Thursday, February 4, 2016

The Mayor of Mayberry

I have zero rooting interest in Sunday's Super Bowl.  Well that is not entirely accurate.  This year I am participating in Valerie's $100 per box Pool, which I have participated in in past years (and in which I have won and more than recouped my investment).  Thus, my rooting interest in this year's game is limited to my box in Valerie's Pool...that and hoping that the commercials do not stink. 

Whether it is a uniquely American habit, I know not, but I have long marveled at the fact that we the people of these United States - with our predilection to worship at the altar of the public figure - enjoy only one thing more than deifying those people to whose music we listen, whose films we view, and for whose sports teams we cheer.  That one thing is sharpening our knives and hacking away at our heroes at the first scent of blood in the water.  What comes up must come down, right?  In America, we not only like demolition - we thrive upon it. 

It is for that reason - and that reason alone - that I feel my empathy needle (it is very, very tiny) being moved this week ever so slightly in the direction of the Denver Broncos and their quarterback, Peyton Manning.  From the moment of his arrival in the NFL, Manning has been ubiquitous.  Far more often than not, his teams have been (at the very least) good, which has resulted in him playing a lot of post-season games.  Even more than his "in uniform" time on television is the time he comes into our living rooms hawking whatever product he is endorsing, whether Papa John's Pizza, Buick automobiles, or Nationwide Insurance.  His product pitchman image has always been a hybrid of a star athlete and Sheriff Andy Taylor.  Peyton Manning, the Mayor of Mayberry.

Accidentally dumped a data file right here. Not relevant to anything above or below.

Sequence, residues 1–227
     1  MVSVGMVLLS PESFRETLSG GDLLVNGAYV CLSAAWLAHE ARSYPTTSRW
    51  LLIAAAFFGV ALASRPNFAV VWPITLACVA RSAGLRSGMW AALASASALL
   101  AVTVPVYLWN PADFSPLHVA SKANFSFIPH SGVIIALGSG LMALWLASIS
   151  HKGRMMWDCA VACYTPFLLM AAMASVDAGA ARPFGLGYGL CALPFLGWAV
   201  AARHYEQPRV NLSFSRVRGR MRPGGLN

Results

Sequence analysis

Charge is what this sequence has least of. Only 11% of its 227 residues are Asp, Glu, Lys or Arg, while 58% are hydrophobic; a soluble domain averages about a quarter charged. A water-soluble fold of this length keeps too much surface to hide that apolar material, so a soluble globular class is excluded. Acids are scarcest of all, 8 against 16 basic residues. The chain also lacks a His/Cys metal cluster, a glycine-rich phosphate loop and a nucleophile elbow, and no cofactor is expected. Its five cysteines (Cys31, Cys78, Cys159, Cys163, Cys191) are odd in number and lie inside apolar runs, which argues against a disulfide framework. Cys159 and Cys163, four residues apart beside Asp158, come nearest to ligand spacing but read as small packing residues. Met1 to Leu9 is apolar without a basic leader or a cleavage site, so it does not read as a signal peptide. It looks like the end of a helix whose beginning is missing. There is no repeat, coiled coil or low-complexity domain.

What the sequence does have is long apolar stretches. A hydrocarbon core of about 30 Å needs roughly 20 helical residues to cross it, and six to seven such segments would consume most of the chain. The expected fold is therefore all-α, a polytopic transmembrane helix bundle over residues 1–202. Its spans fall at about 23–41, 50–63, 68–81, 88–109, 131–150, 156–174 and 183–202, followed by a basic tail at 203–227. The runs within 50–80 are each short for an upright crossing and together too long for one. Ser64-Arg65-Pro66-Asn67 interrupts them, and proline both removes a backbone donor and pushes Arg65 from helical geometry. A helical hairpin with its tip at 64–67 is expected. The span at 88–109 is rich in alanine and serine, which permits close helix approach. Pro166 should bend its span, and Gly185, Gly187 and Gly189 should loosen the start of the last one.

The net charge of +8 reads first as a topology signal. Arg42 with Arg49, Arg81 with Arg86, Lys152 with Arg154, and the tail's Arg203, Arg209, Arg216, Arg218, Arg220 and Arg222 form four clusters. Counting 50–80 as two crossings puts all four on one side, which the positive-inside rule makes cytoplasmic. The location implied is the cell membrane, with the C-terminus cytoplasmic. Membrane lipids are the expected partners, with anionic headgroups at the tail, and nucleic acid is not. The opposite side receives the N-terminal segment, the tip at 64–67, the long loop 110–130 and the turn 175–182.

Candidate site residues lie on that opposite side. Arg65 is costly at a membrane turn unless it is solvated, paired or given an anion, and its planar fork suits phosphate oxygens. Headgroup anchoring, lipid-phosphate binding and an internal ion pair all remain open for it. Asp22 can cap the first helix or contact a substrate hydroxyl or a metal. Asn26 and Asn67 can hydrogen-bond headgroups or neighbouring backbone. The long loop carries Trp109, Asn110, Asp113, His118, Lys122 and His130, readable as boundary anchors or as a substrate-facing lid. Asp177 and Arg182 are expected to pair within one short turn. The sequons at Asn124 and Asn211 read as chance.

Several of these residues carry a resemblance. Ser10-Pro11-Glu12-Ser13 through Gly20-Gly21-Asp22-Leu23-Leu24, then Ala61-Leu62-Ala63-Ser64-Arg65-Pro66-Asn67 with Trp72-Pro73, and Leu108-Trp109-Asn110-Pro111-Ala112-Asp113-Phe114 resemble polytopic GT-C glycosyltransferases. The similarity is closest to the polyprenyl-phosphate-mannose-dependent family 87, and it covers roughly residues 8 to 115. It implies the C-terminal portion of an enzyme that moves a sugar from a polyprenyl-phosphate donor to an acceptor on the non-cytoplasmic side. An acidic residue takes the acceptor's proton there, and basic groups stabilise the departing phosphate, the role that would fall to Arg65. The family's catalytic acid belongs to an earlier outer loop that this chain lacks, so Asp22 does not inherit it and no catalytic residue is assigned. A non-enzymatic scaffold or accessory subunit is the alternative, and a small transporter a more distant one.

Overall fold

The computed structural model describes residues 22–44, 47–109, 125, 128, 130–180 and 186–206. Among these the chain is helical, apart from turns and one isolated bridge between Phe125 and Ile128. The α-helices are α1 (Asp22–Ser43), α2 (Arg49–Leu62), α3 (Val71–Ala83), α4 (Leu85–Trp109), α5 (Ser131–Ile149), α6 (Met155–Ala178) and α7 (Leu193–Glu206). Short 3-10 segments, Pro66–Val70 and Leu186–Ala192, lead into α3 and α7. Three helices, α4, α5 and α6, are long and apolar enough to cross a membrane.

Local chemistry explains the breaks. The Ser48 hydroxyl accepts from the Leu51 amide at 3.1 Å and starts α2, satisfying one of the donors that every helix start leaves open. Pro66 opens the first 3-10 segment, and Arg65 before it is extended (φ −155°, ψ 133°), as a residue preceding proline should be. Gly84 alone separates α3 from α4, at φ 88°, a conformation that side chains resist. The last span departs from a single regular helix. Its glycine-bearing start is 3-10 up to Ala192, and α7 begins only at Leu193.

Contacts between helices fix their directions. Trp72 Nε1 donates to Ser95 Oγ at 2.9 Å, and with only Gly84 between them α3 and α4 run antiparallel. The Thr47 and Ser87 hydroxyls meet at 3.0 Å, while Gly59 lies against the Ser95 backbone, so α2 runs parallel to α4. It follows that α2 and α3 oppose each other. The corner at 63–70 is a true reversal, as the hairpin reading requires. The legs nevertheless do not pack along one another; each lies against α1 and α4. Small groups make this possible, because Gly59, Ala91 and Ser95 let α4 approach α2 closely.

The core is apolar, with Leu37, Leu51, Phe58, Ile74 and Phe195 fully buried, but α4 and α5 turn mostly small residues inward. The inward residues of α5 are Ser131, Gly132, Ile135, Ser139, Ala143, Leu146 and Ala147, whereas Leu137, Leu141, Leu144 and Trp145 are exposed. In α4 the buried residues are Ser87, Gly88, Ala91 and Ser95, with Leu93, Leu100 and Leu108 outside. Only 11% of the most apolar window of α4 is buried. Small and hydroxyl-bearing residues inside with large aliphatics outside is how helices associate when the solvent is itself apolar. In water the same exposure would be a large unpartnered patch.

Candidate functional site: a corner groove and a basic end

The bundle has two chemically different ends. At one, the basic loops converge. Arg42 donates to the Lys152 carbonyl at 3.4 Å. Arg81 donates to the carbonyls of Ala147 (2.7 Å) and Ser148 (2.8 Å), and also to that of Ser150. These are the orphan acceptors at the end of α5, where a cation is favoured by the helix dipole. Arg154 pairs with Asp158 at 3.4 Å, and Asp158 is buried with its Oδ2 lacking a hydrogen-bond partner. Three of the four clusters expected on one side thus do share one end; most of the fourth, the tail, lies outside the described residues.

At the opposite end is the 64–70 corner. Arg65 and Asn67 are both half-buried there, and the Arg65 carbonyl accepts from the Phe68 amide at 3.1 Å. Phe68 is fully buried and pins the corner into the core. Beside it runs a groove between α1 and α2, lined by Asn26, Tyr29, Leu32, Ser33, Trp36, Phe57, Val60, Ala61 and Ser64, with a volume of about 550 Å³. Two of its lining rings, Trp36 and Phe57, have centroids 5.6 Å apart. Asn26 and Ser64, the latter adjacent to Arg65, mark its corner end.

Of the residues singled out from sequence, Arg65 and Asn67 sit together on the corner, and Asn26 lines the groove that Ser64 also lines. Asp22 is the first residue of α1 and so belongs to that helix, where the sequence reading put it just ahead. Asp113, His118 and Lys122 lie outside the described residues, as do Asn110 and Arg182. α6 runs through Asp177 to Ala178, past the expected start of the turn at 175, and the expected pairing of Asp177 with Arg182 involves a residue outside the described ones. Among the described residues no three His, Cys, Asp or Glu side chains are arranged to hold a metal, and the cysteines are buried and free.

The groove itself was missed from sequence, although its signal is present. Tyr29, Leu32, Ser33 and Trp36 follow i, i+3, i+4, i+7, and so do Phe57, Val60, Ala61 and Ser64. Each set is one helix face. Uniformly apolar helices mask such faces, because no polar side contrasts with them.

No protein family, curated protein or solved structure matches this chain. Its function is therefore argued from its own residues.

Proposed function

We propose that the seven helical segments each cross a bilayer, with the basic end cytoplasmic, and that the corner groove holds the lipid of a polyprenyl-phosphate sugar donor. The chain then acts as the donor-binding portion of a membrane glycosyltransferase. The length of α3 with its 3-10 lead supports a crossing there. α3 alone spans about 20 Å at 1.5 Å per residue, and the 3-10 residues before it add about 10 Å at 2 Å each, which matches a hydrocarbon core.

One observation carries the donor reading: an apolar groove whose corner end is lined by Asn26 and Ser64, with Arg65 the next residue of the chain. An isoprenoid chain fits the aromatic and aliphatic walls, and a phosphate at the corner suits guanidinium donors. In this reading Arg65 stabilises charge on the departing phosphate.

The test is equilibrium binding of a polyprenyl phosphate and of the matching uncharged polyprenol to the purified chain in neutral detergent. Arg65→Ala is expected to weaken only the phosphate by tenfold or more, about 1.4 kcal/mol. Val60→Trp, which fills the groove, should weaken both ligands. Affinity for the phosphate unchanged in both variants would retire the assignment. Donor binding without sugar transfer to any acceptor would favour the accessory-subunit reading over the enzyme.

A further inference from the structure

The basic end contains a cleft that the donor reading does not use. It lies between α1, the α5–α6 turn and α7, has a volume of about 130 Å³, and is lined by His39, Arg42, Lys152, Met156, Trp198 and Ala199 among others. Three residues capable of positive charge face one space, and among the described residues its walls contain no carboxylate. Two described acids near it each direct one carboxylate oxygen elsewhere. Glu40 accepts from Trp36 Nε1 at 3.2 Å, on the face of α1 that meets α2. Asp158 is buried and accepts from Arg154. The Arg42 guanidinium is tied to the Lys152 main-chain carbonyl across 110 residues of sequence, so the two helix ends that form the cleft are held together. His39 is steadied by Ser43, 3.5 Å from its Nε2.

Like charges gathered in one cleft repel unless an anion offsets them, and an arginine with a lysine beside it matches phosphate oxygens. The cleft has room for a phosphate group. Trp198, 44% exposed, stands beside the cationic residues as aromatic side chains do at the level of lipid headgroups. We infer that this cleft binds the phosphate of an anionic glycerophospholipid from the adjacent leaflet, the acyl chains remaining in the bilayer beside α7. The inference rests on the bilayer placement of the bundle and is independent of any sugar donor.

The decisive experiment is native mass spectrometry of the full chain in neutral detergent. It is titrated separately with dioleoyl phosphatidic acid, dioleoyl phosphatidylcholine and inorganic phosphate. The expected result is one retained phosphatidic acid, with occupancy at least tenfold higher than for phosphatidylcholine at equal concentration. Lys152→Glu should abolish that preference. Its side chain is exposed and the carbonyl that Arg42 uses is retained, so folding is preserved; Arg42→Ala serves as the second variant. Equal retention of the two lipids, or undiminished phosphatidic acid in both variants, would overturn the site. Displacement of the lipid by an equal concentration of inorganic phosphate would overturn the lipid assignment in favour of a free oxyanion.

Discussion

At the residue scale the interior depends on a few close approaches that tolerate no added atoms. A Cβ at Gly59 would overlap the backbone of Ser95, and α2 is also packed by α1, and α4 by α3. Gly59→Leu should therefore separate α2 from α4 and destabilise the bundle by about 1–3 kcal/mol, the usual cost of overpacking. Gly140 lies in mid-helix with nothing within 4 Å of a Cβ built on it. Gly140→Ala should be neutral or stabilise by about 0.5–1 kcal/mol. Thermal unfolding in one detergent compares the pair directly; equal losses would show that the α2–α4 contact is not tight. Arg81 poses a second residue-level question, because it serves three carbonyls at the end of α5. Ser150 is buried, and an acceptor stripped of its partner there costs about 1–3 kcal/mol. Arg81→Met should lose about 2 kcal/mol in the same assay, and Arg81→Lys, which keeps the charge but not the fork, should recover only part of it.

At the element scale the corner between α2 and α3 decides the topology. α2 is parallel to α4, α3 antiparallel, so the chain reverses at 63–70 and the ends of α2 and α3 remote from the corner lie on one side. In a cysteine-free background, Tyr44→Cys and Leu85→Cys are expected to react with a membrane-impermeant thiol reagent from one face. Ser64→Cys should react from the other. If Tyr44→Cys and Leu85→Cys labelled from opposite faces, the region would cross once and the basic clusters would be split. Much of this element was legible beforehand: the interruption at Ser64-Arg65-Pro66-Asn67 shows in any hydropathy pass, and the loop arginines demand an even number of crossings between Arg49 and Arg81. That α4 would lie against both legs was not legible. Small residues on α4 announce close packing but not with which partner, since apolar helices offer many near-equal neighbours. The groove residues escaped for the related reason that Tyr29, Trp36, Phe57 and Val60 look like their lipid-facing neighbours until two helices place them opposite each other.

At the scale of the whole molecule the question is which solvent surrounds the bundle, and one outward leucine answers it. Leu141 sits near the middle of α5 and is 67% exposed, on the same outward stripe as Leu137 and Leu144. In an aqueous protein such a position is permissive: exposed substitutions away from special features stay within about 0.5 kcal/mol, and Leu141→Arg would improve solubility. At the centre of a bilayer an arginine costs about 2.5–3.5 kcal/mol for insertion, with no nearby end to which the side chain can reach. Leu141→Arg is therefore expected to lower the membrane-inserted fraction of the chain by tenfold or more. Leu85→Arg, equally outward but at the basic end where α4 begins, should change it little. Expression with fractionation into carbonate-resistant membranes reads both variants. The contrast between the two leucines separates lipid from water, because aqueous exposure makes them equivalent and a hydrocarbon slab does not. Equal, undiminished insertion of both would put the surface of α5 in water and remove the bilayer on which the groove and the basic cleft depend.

The consensus among those "in the know" about all things NFL (although for my money I have known three "non-insiders" (John Hayes, Mark Obserschewen, and Tom Swales who know as much - if not more - about professional football than any TV talking head) is that Peyton Manning is shot.  Hop in the WABAC machine to the week leading up to this year's AFC Championship Game and do a Google search for everyone who predicted that Manning's Broncos would defeat Tom Brady's Patriots to advance to SB 50.  If you structure the search to eliminate all articles authored by Archie, Cooper, or Eli Manning, you might have difficulty garnering a single one.  All those who know all predicted that the Patriots would easily defeat the Broncos and Manning, with his damaged foot, damaged throwing arm, and damaged reputation would slink off into retirement.  

Hmm.   How did that work out?  

Whether the Broncos have any chance at all against the Carolina Panthers on Sunday afternoon, I would not pretend to know.  I have watched only bits and pieces of professional football the entire season.  Among those snippets however have been portions of Carolina's two playoff games.  In both games the Panthers have been dominant to the point of terrifying.  I presume that the "smart money" anticipates that they shall be as dominant against Denver this week.  

In the movie version of our life that we view from time to time in the theater of our mind, we get the happy ending.  Our sunset ride is one taken on a powerful steed over land strewn with rose pedals laid down before us by our appreciative and adoring public.  Far more often than not, however, life is not art's imitation.  When the end arrives for us, it does so in a far less beautiful and storybook fashion.  

The Mayor of Mayberry's movie is winding its way towards its conclusion.  Its ending is yet to be written.  It has been said that history is in the mind of the teller.  What story shall Peyton Manning tell.  What story indeed...


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